It was the exact opposite with Gérard Mulot. The non-traditional tubular shape disgruntled some tasters, but the flavor was favored. “Rich”, “yummy”, “super buttery”, “nice saltiness”—it was “what I expect from a croissant”. Happy bellies all around.

The real surprise came with the mystery contender, which was so neck and neck with Gérard Mulot’s top ratings, it nearly pulled an upset. On the positive side, it was considered “quite fluffy”, “puffy” and it “looked great”. But biting into it? “Flat”, “flavorless” and “blech”. Still, it really divided the room—four out of the nine tasters wanted to award this specimen with the Smackdown title.

Where did this second best croissant come from? None other than your local Monoprix.

Amy Thomas Croissant SmackdownThe tasting panel, glowing in anticipation! Photo by Amy Thomas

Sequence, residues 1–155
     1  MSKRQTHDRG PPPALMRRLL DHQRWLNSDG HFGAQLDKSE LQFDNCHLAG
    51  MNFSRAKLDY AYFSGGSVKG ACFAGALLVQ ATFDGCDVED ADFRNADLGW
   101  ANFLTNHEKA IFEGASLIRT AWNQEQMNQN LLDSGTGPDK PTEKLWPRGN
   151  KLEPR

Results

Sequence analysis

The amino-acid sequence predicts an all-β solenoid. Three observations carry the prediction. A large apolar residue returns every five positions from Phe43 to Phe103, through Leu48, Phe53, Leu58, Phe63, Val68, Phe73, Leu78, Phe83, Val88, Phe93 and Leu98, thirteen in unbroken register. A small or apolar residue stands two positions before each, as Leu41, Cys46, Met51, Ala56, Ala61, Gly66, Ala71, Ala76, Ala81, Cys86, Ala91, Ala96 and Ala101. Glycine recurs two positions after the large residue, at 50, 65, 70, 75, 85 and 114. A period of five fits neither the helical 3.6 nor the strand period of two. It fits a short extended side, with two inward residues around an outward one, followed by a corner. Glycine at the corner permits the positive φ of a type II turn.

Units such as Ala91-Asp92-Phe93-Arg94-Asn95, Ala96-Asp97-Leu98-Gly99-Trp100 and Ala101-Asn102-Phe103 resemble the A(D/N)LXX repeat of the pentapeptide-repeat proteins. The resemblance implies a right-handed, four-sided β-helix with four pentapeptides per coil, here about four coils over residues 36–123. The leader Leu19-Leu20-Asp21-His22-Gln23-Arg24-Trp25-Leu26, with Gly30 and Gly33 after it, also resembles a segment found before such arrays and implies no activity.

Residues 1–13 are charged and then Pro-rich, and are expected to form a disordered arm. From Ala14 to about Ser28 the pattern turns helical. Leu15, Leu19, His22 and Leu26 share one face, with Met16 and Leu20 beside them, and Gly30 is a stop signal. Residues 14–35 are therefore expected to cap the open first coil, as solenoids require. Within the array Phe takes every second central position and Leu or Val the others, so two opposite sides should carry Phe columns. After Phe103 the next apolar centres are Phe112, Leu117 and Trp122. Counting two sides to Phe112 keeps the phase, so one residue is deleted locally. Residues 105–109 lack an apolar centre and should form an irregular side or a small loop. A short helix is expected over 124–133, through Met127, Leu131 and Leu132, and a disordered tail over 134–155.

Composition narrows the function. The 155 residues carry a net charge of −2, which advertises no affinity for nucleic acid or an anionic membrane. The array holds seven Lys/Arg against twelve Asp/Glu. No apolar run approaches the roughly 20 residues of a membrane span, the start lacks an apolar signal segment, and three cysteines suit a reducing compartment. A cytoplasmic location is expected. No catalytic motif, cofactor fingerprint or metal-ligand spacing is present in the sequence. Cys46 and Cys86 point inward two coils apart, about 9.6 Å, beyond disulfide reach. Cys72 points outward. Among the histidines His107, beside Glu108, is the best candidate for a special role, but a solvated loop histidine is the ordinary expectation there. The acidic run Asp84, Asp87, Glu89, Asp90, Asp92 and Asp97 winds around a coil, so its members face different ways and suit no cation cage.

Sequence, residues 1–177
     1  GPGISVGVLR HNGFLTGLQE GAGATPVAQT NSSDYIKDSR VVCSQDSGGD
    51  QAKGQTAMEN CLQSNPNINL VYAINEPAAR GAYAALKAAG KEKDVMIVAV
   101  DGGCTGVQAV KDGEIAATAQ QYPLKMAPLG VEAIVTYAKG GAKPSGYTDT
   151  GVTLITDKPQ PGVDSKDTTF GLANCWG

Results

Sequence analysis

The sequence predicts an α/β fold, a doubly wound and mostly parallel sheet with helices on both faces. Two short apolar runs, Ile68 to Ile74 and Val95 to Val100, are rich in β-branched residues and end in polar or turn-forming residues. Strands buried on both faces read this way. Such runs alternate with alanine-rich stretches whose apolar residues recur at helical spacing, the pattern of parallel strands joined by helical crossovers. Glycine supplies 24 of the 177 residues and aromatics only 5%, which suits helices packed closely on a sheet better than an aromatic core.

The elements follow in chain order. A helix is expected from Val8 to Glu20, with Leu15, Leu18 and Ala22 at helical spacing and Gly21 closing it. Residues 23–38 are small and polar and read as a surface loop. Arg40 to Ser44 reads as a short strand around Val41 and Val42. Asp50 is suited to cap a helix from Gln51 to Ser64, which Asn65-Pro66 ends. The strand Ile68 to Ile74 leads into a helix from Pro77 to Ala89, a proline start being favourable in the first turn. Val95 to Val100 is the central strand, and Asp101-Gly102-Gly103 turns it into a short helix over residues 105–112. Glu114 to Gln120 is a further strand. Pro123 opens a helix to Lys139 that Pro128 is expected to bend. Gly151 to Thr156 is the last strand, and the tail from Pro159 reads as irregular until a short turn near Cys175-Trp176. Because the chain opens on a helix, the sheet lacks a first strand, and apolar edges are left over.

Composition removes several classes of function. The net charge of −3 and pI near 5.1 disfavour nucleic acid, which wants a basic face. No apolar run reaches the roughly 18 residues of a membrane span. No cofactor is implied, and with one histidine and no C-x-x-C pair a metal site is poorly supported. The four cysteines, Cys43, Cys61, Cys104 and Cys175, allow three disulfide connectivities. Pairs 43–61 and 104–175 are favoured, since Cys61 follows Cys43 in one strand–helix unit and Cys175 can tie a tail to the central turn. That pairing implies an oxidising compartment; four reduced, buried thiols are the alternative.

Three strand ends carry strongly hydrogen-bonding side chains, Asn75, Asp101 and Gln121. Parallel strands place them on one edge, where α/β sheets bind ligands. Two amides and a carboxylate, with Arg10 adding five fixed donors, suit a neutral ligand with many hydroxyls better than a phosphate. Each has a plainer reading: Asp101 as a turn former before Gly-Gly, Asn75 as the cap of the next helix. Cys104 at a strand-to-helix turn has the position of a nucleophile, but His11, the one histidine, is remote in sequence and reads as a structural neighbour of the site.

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Written by Amy Thomas for the Hip Paris blog. For our amazing rentals in Paris, Provence & Tuscany check out our website Haven in Paris.

Written By

Amy Thomas

Amy Thomas is a sweets-obssessed writer based between New York and Paris. She penned the Sweet Freak column for Metro newspaper and has written about Paris' best chocolatiers (New York Times), desserts for two (Time Out New York), chocolate for guys (Rachel Ray) and the best hot chocolate in the city (Metro). Check for updates from Amy on her blog, God I Love Paris. View Amy Thomas's Website

17 comments on “Croissant Smackdown: Paris’ Best Croissants

One of the funniest and most amusing posts…. I LOVE your vocabulary… 🙂